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5 Steps to a Future-Ready IoT Platform


The Internet of Things (IoT) has evolved from the buzzy trend dujour to a validated strategy to improve operations, safety and guest experience in a flexible, future-ready manner. Hoteliers increasingly  acknowledge the need to take a thoughtful approach to integrating IoT into their infrastructure: More than two-thirds of hoteliers plan to have an IoT platform in place by the end of 2019, according to Hospitality Technology’s 2018 Customer Engagement Technology Study. 

A good IoT platform is a place to “create and manage applications, to run analytics, and to store and secure your data. Like an operating system for a laptop, a platform does a lot of things in the background that makes life easier and less expensive for developers, managers and users,” according to McKinsey’s “Making Sense of Internet of Things Platforms” article. 

According to HTNG’s whitepaper titled “Internet of Things Fundamentals,” “application-specific logic and data should be separate from underlying architecture, with the architecture being flexible enough to support a wide variety of applications.” 

The IoT platform marketplace remains fragmented; McKinsey counts more than 100 providers, including broad-based and industry- and device-specific providers. By paying close attention to the characteristics of vendor solutions such as use of industry standards and protocols, integration, flexibility, security, privacy and partner ecosystem, hoteliers can start an IoT journey with specific, problem-solving use cases while leaving the door open to add and manage a much more diverse set of solutions.

The following are 5 steps to establishing an effective IoT environment.

1 Set your vision. 

Identify the kinds of problems you are trying to solve and create a short list of high-priority use cases. At Hotel Blu Vancouver, guestroom voice-activated assistant devices were a high priority for early use cases. “We want to ensure we are relevant and always ahead of the rest of the competition in terms of technology,” says Shannon Gu, general manager.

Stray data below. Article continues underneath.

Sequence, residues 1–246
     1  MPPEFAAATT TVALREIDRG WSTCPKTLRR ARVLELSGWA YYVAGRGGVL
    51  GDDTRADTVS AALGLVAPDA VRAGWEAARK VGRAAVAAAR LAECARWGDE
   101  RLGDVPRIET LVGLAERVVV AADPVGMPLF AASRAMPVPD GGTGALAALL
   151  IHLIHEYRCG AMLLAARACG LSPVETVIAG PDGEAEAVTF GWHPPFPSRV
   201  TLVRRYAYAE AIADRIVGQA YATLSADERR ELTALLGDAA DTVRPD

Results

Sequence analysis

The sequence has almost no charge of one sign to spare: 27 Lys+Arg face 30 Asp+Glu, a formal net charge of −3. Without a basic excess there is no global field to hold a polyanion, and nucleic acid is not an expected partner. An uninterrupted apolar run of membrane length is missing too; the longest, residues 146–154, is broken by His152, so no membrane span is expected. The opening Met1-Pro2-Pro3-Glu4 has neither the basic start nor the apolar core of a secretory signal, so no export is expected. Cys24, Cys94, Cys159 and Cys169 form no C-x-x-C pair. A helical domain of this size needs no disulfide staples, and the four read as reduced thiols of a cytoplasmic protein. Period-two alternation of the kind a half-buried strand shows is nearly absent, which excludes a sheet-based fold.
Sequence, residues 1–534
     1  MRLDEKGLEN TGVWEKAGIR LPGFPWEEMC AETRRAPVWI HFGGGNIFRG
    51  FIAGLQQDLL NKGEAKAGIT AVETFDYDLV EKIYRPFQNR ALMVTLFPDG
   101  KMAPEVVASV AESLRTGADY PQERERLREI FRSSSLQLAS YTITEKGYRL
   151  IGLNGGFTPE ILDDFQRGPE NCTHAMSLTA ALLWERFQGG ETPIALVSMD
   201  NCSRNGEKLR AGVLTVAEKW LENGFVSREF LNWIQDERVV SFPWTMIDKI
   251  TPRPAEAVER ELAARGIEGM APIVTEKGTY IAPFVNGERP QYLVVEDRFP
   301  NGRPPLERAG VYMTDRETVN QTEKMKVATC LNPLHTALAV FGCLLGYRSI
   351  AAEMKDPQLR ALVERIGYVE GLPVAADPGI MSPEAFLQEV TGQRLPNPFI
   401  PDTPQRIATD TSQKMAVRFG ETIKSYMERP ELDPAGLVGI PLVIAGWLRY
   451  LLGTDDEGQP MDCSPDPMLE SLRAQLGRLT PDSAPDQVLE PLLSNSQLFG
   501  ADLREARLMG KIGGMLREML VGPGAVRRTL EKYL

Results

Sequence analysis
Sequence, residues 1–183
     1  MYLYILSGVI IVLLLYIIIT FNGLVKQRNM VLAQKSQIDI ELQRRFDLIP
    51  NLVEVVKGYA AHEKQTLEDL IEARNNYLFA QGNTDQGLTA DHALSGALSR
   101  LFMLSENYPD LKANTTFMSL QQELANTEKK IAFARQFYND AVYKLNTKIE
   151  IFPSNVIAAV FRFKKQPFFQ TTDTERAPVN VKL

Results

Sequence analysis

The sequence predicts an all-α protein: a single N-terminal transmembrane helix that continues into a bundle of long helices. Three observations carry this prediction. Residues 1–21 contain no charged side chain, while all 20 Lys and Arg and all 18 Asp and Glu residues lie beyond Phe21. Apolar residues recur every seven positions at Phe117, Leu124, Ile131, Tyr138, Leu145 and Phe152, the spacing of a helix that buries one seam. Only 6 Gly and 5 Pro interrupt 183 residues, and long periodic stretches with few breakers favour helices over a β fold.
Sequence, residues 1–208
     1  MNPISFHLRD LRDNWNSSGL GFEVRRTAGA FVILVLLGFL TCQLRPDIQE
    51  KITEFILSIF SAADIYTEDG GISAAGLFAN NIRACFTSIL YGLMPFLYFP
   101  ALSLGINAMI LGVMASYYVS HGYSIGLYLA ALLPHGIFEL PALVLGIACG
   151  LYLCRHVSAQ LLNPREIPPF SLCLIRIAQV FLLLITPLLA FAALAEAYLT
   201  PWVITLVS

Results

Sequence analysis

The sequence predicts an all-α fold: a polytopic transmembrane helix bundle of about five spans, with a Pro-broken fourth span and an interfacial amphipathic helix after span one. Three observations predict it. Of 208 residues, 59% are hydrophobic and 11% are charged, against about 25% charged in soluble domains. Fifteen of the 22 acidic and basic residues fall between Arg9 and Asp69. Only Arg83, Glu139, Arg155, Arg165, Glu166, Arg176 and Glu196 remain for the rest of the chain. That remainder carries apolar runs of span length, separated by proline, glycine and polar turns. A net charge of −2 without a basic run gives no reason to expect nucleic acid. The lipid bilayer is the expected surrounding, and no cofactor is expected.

For a hotel prioritizing energy savings, the ability to monitor and control environmental devices may be the main focus early on. For many properties, compliance with the AHLA’s 5-Star Promise, a pledge to provide hotel employees across the U.S. with employee safety devices (ESDs), is a high IoT priority.


2 Assess the current state. 

Many hotels have been using IoT, such as sensors on mechanicals to alert operations if a device needs urgent attention. Others have already installed remote door locks, or smart thermostats. Understanding how those systems are architected and what communication protocols they use helps shape the specs an IoT platform choice will seek to accommodate.

Hilton accounted for the fact that many properties have already installed some IoT as it developed its Connected Rooms platform. The team defined its own core platform consisting of an edge controller housed behind the TV in every guest room. This provides Hilton’s interactive TV experience and supports optional IoT devices such as thermostats and lighting controls. The system is being tested in more than 500 rooms near Memphis. Hilton has also developed IoT core guidance for its wide portfolio of properties that includes testing and certifying devices that are highly compatible with its buildings, systems and operations and the guest experiences they want to deliver. 

“It became clear that as we approached IoT in hospitality we needed to design for flexibility,” says Josh Weiss, VP, brand and guest technology for Hilton. “We couldn’t align on one exact type and manufacturer of hardware, one exact set of network conditions for 6,000+ hotels around the world.” 

The platform would need to accommodate a wide range of needs, incorporate industry standard radio protocols and accommodate “absolutely non-negotiable things like security, safety, privacy and reliability,” as well as affordability, he says. While Hilton is starting with the Connected Room concept, its approach will also allow for operations, safety and other uses.

Hilton’s current platform uses Zigbee, but “We’re paying very close attention to mesh and want to be able to accommodate additional types of protocols and standards that make sense over time,” says Weiss.